The fact that currently most FPOs in the industry in NSW are small and medium enterprises is explained by a number of factors. The owners of many of these providers are ex-nurses or other people with a human service background who want to work independently of large bureaucratic organisations (whether government or NPO), and thus are examples of the ‘dwarves of capitalism’, motivated primarily by a desire for independence and good service rather than profit (Davidson 2009, p. 57; Marceau 1990). Some of these FPOs go back decades, others are very recent, and new ones are always being established. Many of today’s FPOs have emerged from this sort of beginning, including some now very substantial ones that were begun by nurses on a part-time basis with one or two clients. (Of course, a number of the FPOs are profit maximisers and/or operated by people with no human service background, while no industry-specific regulation of providers for unsubsidised services leaves the way open for more opportunist providers to enter or emerge.)
The fact that people with limited capital have been able to start their own business in this industry in a way that would not be possible in many other human services is a result of the production function of community aged care. At the most basic level, the provider of care for an older person living at home needs no physical equipment, financial outlay, or specialised skills to begin. There can be few industries with so few barriers to initial entry. Allied with this is the fact that the basic service involves short periods of assistance (one to two hours) where care-workers do things that most people do for themselves, and thus staff with limited skills and training can be engaged at the margin as additional hours are needed. These features of the production function also facilitate the use of subcontracting and the development of franchises. Clearly, if a provider wishes to grow and ensure consistent high quality service for large numbers of users, it needs more substantial infrastructure, better training and conditions for staff, and economies of scale and scope, but the ease of entry at a basic level of operation has been a powerful reason for the past and continuing establishment of small FPOs in the industry.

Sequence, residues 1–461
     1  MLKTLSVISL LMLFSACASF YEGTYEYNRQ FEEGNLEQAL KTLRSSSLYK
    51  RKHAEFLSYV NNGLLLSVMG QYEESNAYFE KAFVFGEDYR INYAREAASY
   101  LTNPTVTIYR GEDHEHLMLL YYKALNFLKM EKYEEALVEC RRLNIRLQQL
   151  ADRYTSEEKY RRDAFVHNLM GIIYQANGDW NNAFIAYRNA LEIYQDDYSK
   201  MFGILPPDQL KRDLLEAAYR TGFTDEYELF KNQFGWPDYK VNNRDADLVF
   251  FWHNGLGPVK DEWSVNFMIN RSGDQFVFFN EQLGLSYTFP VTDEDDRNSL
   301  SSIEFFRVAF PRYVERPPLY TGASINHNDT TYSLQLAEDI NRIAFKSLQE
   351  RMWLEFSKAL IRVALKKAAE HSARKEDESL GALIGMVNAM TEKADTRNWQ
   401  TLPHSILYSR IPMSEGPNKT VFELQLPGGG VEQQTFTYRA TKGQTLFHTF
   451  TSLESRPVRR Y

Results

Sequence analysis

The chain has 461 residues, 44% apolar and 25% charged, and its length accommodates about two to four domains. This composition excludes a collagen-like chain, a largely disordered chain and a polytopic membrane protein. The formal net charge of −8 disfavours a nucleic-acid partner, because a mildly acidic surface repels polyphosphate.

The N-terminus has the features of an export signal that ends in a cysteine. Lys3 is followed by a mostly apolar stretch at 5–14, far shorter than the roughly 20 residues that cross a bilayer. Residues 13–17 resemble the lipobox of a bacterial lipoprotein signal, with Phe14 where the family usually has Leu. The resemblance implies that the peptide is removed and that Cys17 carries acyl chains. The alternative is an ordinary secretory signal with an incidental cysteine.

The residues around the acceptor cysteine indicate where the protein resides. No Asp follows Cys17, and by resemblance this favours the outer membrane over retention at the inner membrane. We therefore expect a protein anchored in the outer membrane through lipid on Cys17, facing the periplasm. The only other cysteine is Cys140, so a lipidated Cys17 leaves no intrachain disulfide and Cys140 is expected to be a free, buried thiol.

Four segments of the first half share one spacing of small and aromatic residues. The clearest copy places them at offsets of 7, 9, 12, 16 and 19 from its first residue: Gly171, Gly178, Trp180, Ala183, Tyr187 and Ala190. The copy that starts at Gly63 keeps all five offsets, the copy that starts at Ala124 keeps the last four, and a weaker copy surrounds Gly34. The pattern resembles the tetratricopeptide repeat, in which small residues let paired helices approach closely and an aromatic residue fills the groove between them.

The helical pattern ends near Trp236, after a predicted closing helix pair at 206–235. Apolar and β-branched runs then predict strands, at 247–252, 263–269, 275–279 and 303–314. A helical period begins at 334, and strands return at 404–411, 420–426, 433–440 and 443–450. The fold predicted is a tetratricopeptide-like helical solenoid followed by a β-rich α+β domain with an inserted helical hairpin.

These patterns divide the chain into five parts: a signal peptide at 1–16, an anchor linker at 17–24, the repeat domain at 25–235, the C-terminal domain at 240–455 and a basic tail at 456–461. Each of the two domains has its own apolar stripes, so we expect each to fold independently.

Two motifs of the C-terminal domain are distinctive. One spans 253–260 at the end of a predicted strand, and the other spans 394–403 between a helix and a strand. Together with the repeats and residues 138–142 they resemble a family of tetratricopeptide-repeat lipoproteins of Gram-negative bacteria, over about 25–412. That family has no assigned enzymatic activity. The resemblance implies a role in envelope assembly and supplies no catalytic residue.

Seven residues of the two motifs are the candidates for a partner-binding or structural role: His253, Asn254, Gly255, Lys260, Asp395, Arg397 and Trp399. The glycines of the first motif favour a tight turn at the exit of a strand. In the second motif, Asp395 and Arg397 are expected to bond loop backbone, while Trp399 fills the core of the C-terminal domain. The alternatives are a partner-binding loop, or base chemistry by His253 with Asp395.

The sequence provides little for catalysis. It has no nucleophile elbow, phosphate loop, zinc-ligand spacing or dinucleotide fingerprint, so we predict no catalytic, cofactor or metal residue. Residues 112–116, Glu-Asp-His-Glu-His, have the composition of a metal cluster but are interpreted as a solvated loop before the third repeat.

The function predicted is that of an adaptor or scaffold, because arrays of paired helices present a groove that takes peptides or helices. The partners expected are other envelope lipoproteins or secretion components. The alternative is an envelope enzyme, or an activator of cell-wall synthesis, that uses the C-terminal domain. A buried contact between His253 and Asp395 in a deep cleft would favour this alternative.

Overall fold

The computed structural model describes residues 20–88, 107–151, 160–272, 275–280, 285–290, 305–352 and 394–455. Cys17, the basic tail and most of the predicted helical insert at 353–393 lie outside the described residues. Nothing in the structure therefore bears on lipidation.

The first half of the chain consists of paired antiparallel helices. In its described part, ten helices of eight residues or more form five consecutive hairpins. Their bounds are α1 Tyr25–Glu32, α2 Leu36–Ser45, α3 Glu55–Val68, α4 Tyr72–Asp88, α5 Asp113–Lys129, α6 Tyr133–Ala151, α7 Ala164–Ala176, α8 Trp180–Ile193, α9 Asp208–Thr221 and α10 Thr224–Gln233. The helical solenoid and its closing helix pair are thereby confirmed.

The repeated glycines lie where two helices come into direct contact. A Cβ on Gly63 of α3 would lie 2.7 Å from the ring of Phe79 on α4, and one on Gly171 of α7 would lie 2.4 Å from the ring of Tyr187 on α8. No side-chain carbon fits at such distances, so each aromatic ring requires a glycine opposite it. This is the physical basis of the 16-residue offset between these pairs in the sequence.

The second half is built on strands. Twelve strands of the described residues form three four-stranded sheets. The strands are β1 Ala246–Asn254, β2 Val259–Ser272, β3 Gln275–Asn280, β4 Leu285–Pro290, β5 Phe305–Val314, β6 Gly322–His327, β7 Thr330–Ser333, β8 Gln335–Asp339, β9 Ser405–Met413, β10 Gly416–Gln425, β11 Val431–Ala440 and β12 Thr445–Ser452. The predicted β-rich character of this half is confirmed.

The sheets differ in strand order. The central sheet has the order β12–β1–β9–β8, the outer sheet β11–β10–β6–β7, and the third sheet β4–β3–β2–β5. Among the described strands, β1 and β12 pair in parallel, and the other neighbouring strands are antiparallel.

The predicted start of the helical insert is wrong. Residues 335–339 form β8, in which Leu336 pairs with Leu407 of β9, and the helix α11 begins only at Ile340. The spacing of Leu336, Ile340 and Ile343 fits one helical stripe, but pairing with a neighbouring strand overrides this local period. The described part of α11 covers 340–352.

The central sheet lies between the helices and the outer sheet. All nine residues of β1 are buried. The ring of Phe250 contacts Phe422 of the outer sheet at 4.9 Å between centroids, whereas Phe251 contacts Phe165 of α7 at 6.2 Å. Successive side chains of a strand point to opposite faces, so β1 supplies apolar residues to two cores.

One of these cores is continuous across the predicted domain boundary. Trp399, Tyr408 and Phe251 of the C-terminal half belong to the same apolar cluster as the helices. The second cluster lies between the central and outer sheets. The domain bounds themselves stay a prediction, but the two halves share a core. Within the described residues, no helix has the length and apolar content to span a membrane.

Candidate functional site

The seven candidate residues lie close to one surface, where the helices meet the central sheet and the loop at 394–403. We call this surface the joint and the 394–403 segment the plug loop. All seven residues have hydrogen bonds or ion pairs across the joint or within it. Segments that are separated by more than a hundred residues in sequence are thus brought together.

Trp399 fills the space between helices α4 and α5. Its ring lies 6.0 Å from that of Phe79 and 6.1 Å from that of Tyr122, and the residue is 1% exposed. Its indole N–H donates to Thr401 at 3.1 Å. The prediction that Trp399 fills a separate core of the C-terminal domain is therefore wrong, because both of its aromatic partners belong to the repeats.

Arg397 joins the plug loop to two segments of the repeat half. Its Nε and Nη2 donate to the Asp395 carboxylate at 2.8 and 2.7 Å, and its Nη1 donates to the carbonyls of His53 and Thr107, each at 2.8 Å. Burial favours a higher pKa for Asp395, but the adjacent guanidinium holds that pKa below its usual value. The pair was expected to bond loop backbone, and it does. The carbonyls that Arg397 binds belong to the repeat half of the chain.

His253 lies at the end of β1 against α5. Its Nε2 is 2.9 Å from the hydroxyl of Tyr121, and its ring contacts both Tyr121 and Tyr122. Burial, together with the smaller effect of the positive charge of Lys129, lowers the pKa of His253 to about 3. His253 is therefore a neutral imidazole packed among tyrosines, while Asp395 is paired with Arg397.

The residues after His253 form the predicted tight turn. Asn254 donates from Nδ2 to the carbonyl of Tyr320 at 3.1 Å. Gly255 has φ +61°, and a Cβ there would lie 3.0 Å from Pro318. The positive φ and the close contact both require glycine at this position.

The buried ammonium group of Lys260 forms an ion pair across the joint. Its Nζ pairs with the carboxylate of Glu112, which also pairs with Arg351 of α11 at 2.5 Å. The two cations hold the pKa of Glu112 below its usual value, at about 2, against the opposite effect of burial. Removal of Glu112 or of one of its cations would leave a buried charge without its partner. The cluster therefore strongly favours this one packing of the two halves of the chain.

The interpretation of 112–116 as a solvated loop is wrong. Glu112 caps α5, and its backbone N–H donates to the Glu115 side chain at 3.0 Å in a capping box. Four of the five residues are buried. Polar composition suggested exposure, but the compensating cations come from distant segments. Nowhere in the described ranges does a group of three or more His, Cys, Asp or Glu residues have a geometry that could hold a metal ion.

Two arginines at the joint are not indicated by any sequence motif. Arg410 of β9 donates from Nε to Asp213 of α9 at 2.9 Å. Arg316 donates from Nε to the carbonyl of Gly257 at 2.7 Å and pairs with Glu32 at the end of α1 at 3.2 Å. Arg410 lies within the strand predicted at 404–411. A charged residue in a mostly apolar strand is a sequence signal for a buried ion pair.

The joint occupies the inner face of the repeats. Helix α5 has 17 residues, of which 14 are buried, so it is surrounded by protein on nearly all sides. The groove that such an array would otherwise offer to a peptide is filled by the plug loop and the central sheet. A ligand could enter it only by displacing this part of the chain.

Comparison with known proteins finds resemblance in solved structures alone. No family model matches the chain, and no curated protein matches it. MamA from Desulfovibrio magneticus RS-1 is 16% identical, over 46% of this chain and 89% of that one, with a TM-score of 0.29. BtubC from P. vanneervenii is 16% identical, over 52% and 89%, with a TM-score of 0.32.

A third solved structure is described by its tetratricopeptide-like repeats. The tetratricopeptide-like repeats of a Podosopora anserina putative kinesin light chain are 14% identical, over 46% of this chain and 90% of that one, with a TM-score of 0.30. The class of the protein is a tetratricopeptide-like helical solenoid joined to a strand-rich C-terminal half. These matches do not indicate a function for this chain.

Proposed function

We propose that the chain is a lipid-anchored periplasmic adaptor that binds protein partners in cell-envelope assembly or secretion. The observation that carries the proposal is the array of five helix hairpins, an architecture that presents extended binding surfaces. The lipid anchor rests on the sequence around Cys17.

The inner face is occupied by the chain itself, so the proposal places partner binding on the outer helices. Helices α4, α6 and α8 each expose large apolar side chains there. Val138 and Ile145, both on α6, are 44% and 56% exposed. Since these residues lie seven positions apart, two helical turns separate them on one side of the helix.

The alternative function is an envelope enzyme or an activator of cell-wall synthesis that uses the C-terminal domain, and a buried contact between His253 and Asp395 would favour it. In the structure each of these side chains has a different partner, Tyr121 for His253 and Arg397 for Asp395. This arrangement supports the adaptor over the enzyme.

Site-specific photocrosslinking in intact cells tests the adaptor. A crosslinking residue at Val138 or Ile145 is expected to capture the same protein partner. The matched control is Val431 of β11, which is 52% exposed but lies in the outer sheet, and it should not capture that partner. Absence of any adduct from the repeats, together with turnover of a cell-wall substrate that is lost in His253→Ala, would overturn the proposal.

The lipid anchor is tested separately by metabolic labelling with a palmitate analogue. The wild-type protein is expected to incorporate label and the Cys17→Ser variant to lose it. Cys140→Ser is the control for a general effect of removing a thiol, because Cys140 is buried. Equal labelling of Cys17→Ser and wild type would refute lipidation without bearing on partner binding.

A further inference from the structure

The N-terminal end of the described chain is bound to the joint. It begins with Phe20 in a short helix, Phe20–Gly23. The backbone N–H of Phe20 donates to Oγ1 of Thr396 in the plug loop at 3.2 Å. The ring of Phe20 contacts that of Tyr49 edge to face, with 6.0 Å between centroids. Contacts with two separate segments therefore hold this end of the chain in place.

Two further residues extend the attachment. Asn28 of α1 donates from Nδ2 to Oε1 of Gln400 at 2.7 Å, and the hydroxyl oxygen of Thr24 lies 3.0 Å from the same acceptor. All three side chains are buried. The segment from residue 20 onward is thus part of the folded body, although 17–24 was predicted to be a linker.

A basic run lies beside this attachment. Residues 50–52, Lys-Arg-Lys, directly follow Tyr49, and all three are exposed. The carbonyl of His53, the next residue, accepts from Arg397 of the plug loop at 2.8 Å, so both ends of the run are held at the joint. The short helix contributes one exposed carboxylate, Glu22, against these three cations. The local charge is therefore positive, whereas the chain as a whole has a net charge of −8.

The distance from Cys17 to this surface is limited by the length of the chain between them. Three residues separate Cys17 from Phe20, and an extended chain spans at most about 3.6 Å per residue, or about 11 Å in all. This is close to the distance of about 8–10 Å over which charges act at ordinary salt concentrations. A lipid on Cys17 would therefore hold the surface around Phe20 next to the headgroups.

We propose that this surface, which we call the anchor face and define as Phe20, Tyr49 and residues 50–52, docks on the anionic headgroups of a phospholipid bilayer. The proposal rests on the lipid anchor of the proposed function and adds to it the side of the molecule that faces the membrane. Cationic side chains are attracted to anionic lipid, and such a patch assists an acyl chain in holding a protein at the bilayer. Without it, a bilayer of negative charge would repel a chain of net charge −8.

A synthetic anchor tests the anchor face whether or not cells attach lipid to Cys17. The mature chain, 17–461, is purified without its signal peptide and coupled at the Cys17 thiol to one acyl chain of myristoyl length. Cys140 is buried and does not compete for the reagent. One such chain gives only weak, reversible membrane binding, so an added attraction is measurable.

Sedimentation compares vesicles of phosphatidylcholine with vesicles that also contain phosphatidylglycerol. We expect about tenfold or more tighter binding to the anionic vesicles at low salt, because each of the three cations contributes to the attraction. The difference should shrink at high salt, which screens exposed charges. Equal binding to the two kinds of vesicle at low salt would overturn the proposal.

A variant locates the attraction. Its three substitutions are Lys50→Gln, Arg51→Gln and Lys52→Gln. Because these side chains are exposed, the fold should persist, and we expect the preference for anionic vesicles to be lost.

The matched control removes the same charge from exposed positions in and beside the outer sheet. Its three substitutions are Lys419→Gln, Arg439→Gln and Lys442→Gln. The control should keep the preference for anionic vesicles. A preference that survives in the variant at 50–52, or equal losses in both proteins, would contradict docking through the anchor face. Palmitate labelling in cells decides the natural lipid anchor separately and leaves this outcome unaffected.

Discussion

However, even a large-scale provider of community care does not need property or the substantial initial capital that is necessary, for example, with a nursing home or childcare centre (Access Economics 2009; Brennan & Newberry 2010). This critical feature of the production function also helps explain the limited interest of large corporate FPOs, whose interest in other human service sectors is based substantially on the role of property, both as a source of profits and as a security against operational and other risks, rather than the actual provision of care.31 As well, there are other limits on the incentives for larger FPOs to seek to enter this industry, given that the nature of the target group means there are limited profits to be made relative to other industries, while under the current funding system (with previous allocations not contestable) they cannot get scale. Notwithstanding that, the profitability of community care is sufficient to attract smaller FPOs and retain large NPOs, with packages estimated in 2009–10 to return at least seven percent (profit as a proportion of total costs), and potentially 20 percent for some providers (Stewart Brown Business Solutions 2009, 2010).